The integrated writing task is one of the more interesting parts of the TOEFL, because it gives you a chance to draw together information from multiple sources and synthesize it into one clear argument. It’s a more difficult task than the independent essay in most cases, but it’s also more engaging. The independent essay topics are necessarily simple—otherwise, you wouldn’t have time to answer the question fully. But with the integrated tasks, you have more information to work with, so you can deal with slightly more complex, academic topics.
Started the writing task
Before you write your integrated essay, you’ll read a paragraph and listen to a lecture excerpt. Both of them will deal with the same topic, although they will likely offer different opinions or interpretations of it. You’ll generally have about 3 minutes to read the topic, and the lecture will be about the same length. Needless to say, it will be very difficult to keep all that information straight in your head without taking notes. You will be able to view the reading passage while writing your essay, but if you have time in the three-minute reading period, you still should consider beginning to write down the key points from it for easy reference.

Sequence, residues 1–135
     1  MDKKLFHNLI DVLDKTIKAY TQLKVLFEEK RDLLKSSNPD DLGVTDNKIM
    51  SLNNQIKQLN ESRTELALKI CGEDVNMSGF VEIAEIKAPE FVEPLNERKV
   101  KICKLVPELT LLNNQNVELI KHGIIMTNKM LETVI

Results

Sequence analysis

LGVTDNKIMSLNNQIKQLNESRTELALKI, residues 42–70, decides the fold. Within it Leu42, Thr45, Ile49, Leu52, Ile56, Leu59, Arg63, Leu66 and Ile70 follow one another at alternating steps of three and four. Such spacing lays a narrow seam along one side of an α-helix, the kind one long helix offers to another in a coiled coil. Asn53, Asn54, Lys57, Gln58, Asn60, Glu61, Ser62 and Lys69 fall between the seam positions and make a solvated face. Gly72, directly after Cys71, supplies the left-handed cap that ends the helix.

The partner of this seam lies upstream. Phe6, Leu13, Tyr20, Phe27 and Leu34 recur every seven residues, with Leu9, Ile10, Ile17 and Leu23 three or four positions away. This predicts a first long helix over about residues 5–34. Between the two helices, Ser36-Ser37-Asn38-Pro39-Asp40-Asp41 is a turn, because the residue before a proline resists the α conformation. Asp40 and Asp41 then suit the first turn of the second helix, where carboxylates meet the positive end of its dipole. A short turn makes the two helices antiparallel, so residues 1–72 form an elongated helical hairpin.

Remember: The Integrated Writing task is not about you
In the independent essay, you were asked to give your opinion of an issue. That’s not the case in the integrated task. As much as possible, keep your thoughts and opinions out of it; the questions are generally phrased in a way that encourages you to compare the resources you were given with little to no consideration for what you think. Any time you spend writing about your opinion is wasted time. Focus on the material that you heard in the lecture.
There are, naturally, several sample integrated writing assignments in the Official Guide. But if you don’t have the guide or want more examples, you can find them on the ETS website. If you want more detailed information about the structure of the integrated writing question, check out this document from ETS (or watch our Magoosh TOEFL writing lesson videos).
Keep it short
If you looked at the document I linked to above, you may have noticed this fact: “…typically an effective response would be 150-225 words.” That’s not much. It’s about as much as the first two paragraphs of this article combined. So from the beginning, set out with an idea of what you want to say and where you want to end up, and when structuring your essay, take the most direct route to get you there.